I was thinking more about misleading labels today and remembered one from my childhood. My mother always had two little pots of cream on her dressing table: one was Pond's Cold Cream and the other was called Vanishing Cream. I was too terrified to open the Vanishing Cream and I used to hide it for fear of my mother disappearing.
That, naturally, led me on to other memories of words we misunderstood as children. (Not that I understand even now what vanishing cream was about!) Most of the mondegreens from my childhood were church-related. My little brother came home from Infant school one day really excited, "Do you know what we learned today? When we die we can all play in a pear tree before we go into heaven."
One of my sisters had her unique version of the prayer for the dead, her 'let their petrol light shine upon them' was far more meaningful than 'perpetual light.' And at mealtimes, the same sister entertained us all by giving thanks for the gifts she was about to receive 'from thy mountain' instead of 'bounty'.
I don't know if there is a term for the way that young children cope with situations they don't have the vocabulary for but there should be. My daughter, aged about two and a half, had piled all of her toys on her bed; when she wanted to go for a nap, she pulled me into her bedroom, pointed at the pile of toys and said, "Fill my bed undone!"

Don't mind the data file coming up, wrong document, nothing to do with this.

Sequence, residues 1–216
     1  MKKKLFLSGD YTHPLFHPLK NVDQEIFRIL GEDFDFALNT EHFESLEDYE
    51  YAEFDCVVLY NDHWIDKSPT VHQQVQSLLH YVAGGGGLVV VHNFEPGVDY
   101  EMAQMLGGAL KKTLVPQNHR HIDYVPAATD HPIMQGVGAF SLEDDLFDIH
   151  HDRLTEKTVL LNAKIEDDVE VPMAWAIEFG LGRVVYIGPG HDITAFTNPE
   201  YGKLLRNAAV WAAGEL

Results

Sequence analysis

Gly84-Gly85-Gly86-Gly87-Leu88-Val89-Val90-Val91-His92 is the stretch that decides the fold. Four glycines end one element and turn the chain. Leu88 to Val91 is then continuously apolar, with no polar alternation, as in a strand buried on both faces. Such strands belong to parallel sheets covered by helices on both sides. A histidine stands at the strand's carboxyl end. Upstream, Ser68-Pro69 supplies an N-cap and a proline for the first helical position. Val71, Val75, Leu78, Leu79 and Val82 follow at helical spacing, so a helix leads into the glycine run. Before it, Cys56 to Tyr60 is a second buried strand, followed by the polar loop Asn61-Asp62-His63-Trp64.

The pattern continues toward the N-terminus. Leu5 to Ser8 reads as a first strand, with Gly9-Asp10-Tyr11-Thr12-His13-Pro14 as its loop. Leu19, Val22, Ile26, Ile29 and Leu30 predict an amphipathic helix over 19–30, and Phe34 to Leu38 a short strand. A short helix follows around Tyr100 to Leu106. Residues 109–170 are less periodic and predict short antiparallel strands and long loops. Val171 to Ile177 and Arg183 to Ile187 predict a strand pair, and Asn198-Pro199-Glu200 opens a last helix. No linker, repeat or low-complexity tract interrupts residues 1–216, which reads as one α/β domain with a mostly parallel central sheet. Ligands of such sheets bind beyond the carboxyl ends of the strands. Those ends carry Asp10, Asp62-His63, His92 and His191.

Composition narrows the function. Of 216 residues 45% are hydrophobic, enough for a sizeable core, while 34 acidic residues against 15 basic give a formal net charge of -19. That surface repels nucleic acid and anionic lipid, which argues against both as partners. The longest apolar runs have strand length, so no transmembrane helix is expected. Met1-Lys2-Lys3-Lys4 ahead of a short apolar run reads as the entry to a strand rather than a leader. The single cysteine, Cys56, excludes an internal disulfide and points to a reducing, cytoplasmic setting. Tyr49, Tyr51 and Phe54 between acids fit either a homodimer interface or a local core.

One child, who was a regular visitor, wanted to tell us about a trip he had made three days earlier but couldn't think how to express it: "Not yesterday, not yesterday but yesterday" was clear enough for us.
I have a great store of anecdotes from the misunderstandings that arose among my deaf pupils, usually from taking words or situations literally. My favourite was when Elizabeth went to meet PM Margaret Thatcher at Number Ten. She was shown around the formal rooms and saw the dining table being set for a banquet; a manservant was going around the table with an iron, ensuring there were no creases in the tablecloth before putting out the cutlery etc. When I asked Elizabeth about her visit later she said, "Mrs Thatcher was very nice and she had the biggest ironing board in the world."